Lisa Ciccarelli and her husband, Rick McGee, with their Word House on Biddle Avenue in Regent Square. The Word House is a small free lending library where anyone can take a book after leaving one. The idea is part of a national trend, as found at www.freelibrary.org.
By Kaitlynn Riely Pittsburgh Post-Gazette
Rick McGee and Lisa Ciccarelli of Regent Square live close to a library. Very close.
In fact, it's in their front yard.
The couple built the little library -- a waterproof wooden house set atop a post, complete with a red roof, a door with a window and two shelves with about 25 of their books inside -- in the front yard of their Biddle Avenue home in early June.
They call it the Word House, and the rules are simple: Take one. Leave one.
For the past month and a half, that's what dog walkers, stroller pushers, runners, bike riders and even people in cars have been doing. Their original books are gone, and the library has seen a regular rotation of new reads.
"This is a great way to share books," said Mr. McGee, who decided to create the Word House after he saw his uncle post a photograph on Facebook of a library box in St. Paul, Minn.
It turns out there is a mini-library movement, and although they may be small in size, they are large in number.
The first one appeared in Hudson, Wis., in 2009, when Todd Bol, whose background is in international business development, built a little library in his yard as a memorial to his mother, a school teacher. People seemed to love it, he said, so he and friend Rick Brooks of Madison, Wis., an outreach program manager at the University of Wisconsin whose specialties include social entrepreneurship work, decided to create the Little Free Library project.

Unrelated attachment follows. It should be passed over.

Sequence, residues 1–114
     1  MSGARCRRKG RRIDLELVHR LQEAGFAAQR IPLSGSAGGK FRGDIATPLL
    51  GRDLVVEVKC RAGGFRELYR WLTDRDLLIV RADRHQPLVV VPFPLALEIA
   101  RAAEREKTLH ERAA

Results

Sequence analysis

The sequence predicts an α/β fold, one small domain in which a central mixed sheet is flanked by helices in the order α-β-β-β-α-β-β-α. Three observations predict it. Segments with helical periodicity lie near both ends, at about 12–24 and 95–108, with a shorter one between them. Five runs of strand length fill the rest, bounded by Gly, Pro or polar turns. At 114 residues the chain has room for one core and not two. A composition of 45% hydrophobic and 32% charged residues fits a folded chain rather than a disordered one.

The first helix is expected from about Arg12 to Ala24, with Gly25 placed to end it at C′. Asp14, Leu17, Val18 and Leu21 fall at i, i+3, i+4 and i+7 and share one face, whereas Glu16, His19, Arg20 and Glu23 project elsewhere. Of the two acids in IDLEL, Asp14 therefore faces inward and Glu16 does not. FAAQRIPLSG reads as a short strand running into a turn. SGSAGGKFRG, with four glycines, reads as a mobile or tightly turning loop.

The libraries promote reading, Mr. Brooks said, but they also create more tightly knit communities by giving neighbors a place to gather and talk.
Their website, littlefreelibrary.org, encourages people to build their own little libraries. Since its launch, their estimate is that more than 2,500 libraries have been built in all 50 states and 32 countries, Mr. Brooks said.
A map on their website shows the locations of many of the little libraries, and it appears that the library in the Wilkinsburg part of Regent Square is the Pittsburgh area's first.
Although Mr. McGee, who works in architectural lighting design, and his wife, Ms. Ciccarelli, who works in insurance, have lived in Regent Square since 1994, they said the free library has helped them meet more of their neighbors.
The reaction to the Word House has been "fantastic," said Joe Davis, who lives in the neighborhood and owns Biddle's Escape, a recently opened coffee shop down the street from the Word House.
"It further creates Regent Square as this very family-friendly, loving, multicultural community where everyone just appreciates each other," he said.
And what does the big free library -- the Carnegie Library of Pittsburgh -- think about the little free library?
"I think that any time that people have the opportunity to read, I think that's a good thing," spokeswoman Suzanne Thinnes said.